New orders for durable goods fell sharply in July, the U.S. Commerce Department
Durable goods orders dropped 7.3 percent to $226.6 billion, a drop of $17.8 billion that was far more than economists had expected. The consensus forecast called for a decline of about 3 percent.
New orders fell after four consecutive gains. In June, new orders rose 3.9 percent over May, a figure left unrevised from the previous report.
The U.S. Census Bureau said orders for big-ticket transportation items -- ships, trucks, planes and railroad cars -- fell after rising for four months out of the previous five.
New transportation orders in July dropped by 19.4 percent or $16.7 billion to $69.7 billion. The biggest contribution to the decline came from commercial aircraft orders, which dropped by $14.5 billion.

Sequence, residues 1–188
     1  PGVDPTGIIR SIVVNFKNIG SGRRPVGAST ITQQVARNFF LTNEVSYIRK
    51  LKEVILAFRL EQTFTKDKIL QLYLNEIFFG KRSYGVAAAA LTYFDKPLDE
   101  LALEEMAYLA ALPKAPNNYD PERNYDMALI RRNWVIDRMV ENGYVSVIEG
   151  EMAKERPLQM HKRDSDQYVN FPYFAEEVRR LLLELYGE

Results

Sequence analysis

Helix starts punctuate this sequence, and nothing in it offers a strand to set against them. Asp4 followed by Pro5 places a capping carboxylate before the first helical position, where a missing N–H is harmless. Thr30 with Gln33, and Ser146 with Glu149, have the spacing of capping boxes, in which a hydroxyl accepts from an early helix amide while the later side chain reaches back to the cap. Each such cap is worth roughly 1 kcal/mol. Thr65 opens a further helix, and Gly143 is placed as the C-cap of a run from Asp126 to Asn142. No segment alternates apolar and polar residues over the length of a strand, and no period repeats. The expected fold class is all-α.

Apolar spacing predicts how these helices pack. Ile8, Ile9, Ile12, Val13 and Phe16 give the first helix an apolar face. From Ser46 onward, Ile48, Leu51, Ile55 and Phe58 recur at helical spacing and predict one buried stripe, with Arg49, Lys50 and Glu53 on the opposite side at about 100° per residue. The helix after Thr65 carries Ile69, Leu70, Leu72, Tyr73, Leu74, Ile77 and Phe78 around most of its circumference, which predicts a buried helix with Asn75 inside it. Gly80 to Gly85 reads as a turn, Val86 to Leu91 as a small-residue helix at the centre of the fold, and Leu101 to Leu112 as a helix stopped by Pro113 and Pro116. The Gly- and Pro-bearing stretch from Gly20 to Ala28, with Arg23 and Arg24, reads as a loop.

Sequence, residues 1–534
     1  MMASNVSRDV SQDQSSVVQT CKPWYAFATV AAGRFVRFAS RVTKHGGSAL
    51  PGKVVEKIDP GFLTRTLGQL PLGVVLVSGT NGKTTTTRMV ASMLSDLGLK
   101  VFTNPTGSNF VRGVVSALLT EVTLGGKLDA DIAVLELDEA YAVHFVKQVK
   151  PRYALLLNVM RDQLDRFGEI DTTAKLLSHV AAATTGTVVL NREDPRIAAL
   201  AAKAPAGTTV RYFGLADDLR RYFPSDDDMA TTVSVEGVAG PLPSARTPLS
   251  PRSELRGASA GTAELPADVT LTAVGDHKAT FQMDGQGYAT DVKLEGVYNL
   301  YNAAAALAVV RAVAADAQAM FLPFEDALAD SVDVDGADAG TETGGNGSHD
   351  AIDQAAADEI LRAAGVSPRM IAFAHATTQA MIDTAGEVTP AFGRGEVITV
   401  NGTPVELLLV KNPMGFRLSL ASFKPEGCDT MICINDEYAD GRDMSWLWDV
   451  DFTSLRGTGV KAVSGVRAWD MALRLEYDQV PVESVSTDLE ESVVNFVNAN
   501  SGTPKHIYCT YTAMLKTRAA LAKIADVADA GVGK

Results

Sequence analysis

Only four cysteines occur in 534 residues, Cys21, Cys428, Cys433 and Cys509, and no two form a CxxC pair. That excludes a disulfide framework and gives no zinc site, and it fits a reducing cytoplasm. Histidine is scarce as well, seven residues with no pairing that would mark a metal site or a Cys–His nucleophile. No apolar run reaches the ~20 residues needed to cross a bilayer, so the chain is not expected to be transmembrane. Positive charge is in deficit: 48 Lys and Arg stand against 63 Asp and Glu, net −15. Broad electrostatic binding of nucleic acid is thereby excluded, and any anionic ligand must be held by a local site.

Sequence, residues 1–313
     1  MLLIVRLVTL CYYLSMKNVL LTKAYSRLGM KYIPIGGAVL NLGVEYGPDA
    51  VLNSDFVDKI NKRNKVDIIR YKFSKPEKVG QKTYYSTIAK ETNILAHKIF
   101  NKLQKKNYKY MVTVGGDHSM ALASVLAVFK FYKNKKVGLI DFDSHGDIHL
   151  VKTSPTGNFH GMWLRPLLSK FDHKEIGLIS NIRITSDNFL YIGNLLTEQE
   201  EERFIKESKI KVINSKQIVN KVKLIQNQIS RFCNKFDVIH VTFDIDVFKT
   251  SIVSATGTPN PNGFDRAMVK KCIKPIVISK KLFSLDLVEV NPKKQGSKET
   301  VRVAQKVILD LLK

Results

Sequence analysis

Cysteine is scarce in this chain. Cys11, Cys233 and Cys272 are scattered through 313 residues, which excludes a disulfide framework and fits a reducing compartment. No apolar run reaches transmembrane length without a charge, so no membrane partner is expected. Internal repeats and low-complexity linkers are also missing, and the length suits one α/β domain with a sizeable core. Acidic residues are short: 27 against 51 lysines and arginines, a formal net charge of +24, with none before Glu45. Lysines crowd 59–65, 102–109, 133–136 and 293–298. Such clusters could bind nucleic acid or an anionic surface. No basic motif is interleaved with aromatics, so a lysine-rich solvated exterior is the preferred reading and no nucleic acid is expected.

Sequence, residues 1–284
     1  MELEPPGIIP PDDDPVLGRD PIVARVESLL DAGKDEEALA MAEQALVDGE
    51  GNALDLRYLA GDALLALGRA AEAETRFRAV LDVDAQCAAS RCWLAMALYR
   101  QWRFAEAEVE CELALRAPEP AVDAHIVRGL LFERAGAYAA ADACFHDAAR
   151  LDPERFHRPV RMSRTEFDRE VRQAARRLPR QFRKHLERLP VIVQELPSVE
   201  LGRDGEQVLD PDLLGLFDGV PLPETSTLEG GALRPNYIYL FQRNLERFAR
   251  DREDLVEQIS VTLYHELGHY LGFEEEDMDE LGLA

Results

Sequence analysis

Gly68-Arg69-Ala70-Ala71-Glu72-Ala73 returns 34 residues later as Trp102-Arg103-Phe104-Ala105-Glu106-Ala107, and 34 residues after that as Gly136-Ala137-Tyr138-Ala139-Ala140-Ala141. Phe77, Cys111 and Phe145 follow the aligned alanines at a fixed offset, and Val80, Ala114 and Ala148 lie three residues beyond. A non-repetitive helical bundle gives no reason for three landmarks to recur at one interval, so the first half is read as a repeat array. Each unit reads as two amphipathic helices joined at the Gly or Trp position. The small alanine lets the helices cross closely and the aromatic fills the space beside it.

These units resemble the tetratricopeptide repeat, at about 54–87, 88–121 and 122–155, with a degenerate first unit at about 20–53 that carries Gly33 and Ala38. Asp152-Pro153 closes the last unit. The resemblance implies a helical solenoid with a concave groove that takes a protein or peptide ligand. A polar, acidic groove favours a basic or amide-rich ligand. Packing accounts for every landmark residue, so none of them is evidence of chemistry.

Shipments of durable goods, down in three of the past four months, declined by 0.3 percent to $228.8 billion.
Shipments of electronic goods and computers fell by 3.2 percent to $26.6 billion.
Non-defense orders for capital goods in July fell by 15.4 percent or $14.2 billion to $78 billion. That measures how much investment was plowed into business machinery in the month, including printing press and other factory equipment. It is considered a key measure of business confidence.
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